Edith Jones O’Donnell, who played a pivotal role in advancing educational and arts endeavors in her adopted city — so much so that one executive describes her as belonging on “a Mount Rushmore” of Dallas philanthropists — died at her home Saturday night. She was 94.
“Edith lived a purpose-driven life,” said Peter O’Donnell Jr., 96, whom she married in 1952 and with whom she shared a more than 60-year partnership in philanthropy. “She never stopped thinking about the arts and the next big thing. Her central concept was making Dallas a center for creativity.”
O’Donnell and her husband co-founded the O’Donnell Foundation in 1957, and for many years most of their gifts — which total $780 million, according to her husband’s published memoir — were anonymous.
“It was not until recently that they liked their names on anything,” said Edith O’Donnell’s close friend and fellow philanthropist, Margot Perot, the widow of Ross Perot Sr.
“They had a wonderful marriage and were a great team,” Perot said Monday. “They have done so much for Dallas. They were so close. They did everything together. They gave in so many quiet ways and were supremely generous.”
Born in Abilene, O’Donnell was the daughter of Percy Jones, an engineer and builder of railroads in West Texas. He also acquired ranch properties that were part of what we now know as the Permian Basin. During their marriage, O’Donnell’s husband became a successful investor in publicly traded securities. She and her husband shared their wealth extensively but for years clung to a low profile.
One exception to O’Donnell’s anonymous style of largesse came in 2014, when she gave $17 million to the University of Texas at Dallas for the creation of the Edith O’Donnell Institute of Art History.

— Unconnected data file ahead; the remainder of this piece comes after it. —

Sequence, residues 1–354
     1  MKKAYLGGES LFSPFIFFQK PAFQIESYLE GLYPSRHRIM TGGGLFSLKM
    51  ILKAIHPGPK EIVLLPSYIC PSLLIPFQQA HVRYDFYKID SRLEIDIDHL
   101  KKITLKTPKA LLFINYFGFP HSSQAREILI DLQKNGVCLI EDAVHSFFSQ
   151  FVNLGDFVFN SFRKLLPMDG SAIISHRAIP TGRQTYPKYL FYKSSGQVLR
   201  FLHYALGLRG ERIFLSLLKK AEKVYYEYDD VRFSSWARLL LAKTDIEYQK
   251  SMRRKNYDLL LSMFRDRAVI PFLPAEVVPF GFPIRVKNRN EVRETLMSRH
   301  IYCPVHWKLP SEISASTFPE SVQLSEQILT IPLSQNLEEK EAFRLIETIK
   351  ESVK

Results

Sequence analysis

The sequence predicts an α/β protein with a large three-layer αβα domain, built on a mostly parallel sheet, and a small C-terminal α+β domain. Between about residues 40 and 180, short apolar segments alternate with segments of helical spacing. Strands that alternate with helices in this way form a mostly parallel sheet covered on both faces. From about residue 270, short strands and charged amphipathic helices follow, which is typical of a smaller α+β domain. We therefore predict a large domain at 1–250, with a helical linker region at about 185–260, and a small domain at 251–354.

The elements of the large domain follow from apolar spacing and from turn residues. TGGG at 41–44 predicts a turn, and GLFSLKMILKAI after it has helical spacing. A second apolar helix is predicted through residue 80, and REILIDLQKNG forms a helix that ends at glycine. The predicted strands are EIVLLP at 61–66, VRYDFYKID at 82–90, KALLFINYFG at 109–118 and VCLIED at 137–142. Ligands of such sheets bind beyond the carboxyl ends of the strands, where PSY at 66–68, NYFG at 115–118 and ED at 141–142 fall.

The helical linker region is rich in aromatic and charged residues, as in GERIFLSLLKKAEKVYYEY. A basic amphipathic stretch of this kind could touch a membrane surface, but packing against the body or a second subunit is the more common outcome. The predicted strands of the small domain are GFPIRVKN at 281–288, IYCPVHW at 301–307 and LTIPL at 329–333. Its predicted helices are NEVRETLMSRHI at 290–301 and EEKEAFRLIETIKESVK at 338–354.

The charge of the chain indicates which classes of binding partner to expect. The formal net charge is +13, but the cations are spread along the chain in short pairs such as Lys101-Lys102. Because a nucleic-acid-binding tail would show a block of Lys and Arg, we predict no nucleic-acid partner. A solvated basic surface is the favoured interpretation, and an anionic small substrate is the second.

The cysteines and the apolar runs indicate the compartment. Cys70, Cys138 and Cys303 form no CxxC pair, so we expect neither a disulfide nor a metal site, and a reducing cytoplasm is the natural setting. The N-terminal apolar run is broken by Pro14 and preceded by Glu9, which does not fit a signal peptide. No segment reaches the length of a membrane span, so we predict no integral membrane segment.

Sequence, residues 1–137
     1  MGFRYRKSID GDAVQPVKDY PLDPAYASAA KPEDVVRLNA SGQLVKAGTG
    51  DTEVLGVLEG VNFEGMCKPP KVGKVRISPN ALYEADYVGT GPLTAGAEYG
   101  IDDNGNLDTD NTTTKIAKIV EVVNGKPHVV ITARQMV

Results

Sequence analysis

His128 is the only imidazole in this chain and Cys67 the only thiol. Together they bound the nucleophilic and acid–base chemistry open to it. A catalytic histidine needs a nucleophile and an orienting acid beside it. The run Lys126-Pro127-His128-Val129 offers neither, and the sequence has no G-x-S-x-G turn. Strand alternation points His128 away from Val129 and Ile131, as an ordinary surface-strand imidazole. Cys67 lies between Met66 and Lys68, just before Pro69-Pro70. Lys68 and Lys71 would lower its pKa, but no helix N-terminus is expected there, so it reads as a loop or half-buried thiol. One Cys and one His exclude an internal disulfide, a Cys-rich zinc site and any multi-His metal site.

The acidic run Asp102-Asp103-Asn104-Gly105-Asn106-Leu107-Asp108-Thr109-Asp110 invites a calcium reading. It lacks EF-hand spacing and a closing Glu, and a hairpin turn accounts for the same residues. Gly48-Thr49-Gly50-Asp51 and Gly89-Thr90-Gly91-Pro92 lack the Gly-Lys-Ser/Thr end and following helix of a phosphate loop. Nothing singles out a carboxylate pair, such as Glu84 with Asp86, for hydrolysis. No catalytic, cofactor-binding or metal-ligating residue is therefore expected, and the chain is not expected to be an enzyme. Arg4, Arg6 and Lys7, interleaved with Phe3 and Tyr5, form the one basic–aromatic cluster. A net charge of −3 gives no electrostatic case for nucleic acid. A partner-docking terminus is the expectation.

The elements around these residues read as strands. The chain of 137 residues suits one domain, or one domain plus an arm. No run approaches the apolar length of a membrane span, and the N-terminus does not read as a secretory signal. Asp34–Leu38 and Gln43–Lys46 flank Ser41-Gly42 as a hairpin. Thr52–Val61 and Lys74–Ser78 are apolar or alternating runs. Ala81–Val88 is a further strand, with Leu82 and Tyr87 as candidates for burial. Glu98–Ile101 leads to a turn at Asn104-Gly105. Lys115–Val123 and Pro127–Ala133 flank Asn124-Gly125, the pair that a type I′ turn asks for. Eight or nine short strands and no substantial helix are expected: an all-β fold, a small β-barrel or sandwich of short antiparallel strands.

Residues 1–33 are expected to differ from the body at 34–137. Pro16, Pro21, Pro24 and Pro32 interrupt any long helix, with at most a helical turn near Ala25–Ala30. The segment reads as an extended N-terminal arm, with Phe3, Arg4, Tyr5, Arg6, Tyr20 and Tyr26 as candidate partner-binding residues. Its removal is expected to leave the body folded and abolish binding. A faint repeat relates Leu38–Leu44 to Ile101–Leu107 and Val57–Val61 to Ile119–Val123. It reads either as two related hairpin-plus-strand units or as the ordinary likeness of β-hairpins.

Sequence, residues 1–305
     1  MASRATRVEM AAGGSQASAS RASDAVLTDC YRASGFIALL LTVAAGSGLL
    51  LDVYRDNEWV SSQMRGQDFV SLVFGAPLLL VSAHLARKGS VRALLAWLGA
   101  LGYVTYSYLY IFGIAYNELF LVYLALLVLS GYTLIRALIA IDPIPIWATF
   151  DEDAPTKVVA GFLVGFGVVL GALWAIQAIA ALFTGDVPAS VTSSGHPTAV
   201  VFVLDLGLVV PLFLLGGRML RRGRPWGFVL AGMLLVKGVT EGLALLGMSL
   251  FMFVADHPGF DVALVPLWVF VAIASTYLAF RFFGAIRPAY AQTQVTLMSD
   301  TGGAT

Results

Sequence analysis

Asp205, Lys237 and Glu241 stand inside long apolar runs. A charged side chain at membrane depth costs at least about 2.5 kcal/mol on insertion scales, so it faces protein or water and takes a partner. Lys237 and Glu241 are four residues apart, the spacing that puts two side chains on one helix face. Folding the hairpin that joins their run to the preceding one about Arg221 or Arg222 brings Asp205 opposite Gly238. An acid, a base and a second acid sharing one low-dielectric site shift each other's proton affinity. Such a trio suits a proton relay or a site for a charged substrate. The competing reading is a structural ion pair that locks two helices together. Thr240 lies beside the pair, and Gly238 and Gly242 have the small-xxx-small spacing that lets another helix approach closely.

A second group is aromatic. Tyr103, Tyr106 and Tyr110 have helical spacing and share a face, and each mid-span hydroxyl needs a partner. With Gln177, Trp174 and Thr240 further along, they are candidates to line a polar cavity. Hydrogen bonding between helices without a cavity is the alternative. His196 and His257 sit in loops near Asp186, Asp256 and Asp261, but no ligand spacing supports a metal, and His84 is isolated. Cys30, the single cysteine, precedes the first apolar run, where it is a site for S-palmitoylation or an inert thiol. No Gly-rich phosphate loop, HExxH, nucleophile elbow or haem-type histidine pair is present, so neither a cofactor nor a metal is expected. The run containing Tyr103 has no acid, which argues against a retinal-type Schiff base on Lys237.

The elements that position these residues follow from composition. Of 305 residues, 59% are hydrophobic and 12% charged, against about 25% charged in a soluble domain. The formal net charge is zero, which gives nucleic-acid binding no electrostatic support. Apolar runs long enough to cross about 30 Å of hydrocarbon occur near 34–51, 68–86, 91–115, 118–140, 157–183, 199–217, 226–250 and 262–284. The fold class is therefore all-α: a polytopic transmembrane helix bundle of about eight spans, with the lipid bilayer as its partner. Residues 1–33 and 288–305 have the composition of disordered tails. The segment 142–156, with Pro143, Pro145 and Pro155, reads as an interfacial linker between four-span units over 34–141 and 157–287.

The UT system followed O’Donnell’s gift with an additional $10 million, and other philanthropists added $3 million more, according to Michael Thomas, director of the Edith O’Donnell Institute of Art History. It is housed in the Edith O’Donnell Arts and Technology Building, which was dedicated in 2013.
“People don’t fund the arts very much anymore,” Thomas said, “especially in a day and age — and this has been magnified by COVID — where more and more funding will be going to the sciences, and universities are dismantling, and to a certain extent pulling resources away, from the humanities and fine arts, especially art history. Her generosity was truly something, and her vision to see the importance of funding our institute was a rarity, and something that for UTD was very much needed.”
Thomas mourned O’Donnell’s passing as coming just two years after that of Margaret McDermott, whom he described as being among the city’s greatest generation of philanthropists, and UTD administrator and “rainmaker” Rick Brettell, who enlisted the financial backing of both women to bring about an educational turning point for the school. (From 2013 to 2018, Brettell doubled as art critic of The Dallas Morning News.)
Thomas described O’Donnell, McDermott and Brettell as “a triumvirate for the arts in Dallas.” Mrs. O’Donnell, he said, “needs to be there as one of the faces on a Mount Rushmore of arts and philanthropy in Dallas.”
Brettell’s widow, Caroline Brettell, said O’Donnell’s “support of Rick and the O’Donnell institute was fundamentally important for Rick and obviously transformative for the University of Texas at Dallas. It skyrocketed the study of art history within this science and technology school. It took it into another stratosphere.”
According to Caroline Brettell, Monet scholar Paul Tucker, who was among Rick Brettell’s closest friends, tells the story of being in the car with Brettell when he got the call informing him that O’Donnell was willing to give $17 million to UTD. Rick Brettell once noted that O’Donnell’s philanthropy was grounded “in an unflinching belief that human creativity in the arts is essential for a healthy culture.”